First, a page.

Skagit County Superior Court Judge Found Washington Department of Fish and Wildlife’s “Shopping The Prosecution…Troublesome”
MT. VERNON, Wash. — On July 17, 2019, Skagit County Superior Court Judge Brian Stiles terminated felony cases against both Tulalip Indian fisherman Hazen Shopbell and Anthony Paul after Washington State Department of Fish and Wildlife (WDFW) violated their constitutional rights by seizing and destroying over a thousand pounds of treaty harvested bait clams without a search warrant. Skagit County immediately appealed the decision to the Washington Court of Appeals.
“These cases are the very latest political crusade by WDFW and Attorney General Bob Ferguson against Indian Treaty fishing and commerce rights,” said Shopbell’s counsel Gabriel Galanda. “Knowing better than to pick a federal court fight with the Tribes, the State pressures county prosecutors to charge tribal members with specious criminal charges.”
In companion cases, the Skagit County Prosecutor filed file felony counts against both Shopbell and Paul at WDFW’s requst in June 2018, after WDFW and Attorney General Ferguson’s Office unsuccessfully shopped the charges to prosecutors in King, Pierce, and Snohomish Counties.
During a June 18, 2019, hearing, Judge Stiles remarked: “It is troublesome to me about this issue of Fish and Wildlife shopping the prosecution.”
In that same hearing Judge Stiles granted Shopbell and Paul’s motion to suppress because WDFW’s lead detective, Wendy Willette, illegally seized and destroyed four totes of shellfish bait owned by the men’s company Puget Sound Seafood Distributors.
The Judge found: “Det. Willette did not have a search warrant, subpoena or other form of compulsory process authorizing the seizure of the bait clams on August 22, 2016, nor did WDFW have a court order allowing the bait clams’ destruction….The WDFW ‘s destruction of the bait clams violated the Defendant’s constitutional right to access useful and exculpatory evidence.”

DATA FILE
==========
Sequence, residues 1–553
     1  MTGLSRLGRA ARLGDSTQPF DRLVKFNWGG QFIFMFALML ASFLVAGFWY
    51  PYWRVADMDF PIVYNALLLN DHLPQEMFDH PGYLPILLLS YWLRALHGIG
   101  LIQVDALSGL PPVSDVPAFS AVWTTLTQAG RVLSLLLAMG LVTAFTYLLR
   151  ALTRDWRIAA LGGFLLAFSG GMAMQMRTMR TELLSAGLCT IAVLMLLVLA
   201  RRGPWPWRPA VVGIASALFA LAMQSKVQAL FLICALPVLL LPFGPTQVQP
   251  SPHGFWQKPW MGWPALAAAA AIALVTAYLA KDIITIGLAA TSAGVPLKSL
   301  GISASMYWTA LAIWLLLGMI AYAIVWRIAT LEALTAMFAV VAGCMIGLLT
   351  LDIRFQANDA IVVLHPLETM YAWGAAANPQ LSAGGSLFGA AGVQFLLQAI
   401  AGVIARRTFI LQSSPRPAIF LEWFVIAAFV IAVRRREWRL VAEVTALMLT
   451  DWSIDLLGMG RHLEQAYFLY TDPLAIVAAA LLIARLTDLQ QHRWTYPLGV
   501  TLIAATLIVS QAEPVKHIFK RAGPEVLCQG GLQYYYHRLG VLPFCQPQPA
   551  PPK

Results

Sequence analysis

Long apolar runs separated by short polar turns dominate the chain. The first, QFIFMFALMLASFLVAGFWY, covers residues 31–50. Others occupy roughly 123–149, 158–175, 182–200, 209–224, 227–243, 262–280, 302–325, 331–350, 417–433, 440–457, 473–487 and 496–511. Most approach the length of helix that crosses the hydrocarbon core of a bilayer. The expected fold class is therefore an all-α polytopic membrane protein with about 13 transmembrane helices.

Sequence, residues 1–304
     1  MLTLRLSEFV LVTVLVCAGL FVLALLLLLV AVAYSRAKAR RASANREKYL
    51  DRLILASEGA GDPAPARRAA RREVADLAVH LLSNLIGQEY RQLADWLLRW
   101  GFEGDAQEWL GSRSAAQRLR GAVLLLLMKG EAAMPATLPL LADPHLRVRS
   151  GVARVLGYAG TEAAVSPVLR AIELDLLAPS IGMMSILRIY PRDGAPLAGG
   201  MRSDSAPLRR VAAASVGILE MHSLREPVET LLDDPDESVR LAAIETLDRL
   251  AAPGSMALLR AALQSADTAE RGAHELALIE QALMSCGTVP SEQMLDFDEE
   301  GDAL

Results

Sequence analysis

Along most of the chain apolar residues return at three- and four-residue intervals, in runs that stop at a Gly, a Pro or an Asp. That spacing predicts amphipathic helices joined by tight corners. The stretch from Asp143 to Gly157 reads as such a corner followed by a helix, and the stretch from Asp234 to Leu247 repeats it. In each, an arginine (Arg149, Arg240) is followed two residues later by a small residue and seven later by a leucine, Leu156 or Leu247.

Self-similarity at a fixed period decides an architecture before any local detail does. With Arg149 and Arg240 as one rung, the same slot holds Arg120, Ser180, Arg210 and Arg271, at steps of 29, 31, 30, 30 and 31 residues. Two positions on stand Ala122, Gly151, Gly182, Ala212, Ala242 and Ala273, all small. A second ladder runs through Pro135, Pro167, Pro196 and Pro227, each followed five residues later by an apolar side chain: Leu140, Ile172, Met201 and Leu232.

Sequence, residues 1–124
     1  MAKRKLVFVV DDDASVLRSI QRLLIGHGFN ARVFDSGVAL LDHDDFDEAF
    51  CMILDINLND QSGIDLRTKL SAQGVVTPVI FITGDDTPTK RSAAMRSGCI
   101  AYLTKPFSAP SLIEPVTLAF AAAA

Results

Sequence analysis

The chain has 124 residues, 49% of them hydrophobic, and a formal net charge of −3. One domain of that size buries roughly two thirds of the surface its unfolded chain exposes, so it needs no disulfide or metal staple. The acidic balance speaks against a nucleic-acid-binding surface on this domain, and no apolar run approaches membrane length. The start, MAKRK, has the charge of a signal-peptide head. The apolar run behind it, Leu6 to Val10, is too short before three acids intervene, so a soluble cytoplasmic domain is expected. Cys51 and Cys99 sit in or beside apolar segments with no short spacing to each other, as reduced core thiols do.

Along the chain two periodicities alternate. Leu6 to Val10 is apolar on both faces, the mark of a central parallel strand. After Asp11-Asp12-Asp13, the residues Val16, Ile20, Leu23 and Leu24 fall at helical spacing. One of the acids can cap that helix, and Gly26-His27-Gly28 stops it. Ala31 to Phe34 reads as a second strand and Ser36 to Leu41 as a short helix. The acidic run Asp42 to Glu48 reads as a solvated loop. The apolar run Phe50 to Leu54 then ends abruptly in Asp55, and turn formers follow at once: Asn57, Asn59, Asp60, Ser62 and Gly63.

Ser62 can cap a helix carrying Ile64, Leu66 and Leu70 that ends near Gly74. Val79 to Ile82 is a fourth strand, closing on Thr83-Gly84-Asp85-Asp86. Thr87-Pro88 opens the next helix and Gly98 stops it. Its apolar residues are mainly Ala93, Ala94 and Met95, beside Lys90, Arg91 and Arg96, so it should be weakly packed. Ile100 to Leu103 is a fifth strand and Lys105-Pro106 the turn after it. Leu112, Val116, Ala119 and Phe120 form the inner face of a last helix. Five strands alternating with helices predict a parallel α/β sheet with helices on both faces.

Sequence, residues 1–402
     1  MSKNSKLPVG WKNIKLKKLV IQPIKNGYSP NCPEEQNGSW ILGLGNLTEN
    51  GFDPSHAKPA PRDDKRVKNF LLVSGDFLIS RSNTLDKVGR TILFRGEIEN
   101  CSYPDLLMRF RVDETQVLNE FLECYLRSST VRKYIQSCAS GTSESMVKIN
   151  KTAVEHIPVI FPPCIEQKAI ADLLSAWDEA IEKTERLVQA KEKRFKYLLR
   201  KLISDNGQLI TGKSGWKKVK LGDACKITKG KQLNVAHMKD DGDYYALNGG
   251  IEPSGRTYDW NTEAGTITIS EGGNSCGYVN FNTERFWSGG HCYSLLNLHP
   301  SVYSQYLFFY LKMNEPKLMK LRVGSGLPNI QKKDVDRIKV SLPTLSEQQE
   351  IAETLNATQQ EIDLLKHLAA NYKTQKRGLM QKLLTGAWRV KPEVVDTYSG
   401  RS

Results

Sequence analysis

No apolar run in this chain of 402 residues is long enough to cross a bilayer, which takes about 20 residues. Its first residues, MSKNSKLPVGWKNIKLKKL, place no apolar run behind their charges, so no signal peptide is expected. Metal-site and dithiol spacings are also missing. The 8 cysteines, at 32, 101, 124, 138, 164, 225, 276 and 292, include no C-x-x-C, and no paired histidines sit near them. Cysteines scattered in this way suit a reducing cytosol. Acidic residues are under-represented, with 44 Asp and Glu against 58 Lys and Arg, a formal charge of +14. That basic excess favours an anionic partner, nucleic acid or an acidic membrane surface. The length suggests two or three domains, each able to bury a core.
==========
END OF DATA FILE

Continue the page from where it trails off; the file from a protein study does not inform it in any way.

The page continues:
The Judge also considered Shopbell’s arguments that Skagit County’s prosecution violated the Point Elliott Treaty and landmark Boldt Decision, United States v. State of Wash., 384 F. Supp. 312, 333 (W.D. Wash. 1974).
Shopbell was accused only of causing his company to buy claims from another Tulalip Treaty fisherman, on the Tulalip Indian Reservation, for use as fishing bait by other Tulalip Treaty fishermen. Det. Willette admitted that those clams were harvested from within the Tulalip Tribes’ usual and accustomed fishing areas according to the Point Elliott Treaty.
Judge Stiles did not reach but “recognize[d]” Shopbell’s Indian Treaty rights defense.
The very next day, July 18, 2019, Skagit County appealed Judge Stiles’ rulings in favor of Shopbell and Paul, to Division One of the Washington State Court of Appeals.
“The appeal is a transparent ploy to avoid political embarrassment and to forestall the State’s federal civil rights liability,” continued Galanda.
In November 2018, Shopbell and Paul filed a federal civil rights lawsuit against WDFW and various WDFW officials and agents in U.S. District Court for the Western District of Washington, alleging that the WDFW “Defendants have levied a full-fledged assault against Plaintiffs under the guise of a ‘criminal investigation,’ when in fact Defendants’ intent was, and remains, to attack Indian Treaty fishing and destroy intra-tribal and inter-tribal Treaty fish distribution and commerce.”
The federal civil rights case is set for trial before Judge Barbara Rothstein in October 2020. AG Ferguson’s Office is also defending the federal court suit.
The Skagit County cases were not the first set of criminal charges filed against Shopbell or Paul as part of WDFW and AG Ferguson’s increasing assault against Indian Treaty fishing rights.
In July 2018, the Pierce County Superior Court dismissed a related case against Paul and other Tulalip fishermen after the Pierce County Prosecutor Office’s “learned additional information” that WDFW did not disclose to it before that prosecution was initiated. According tothe Prosecutor’s Dismissal Memo: “we learned all defendants have a viable defense that we were not told about….This would be a complete defense in the case.”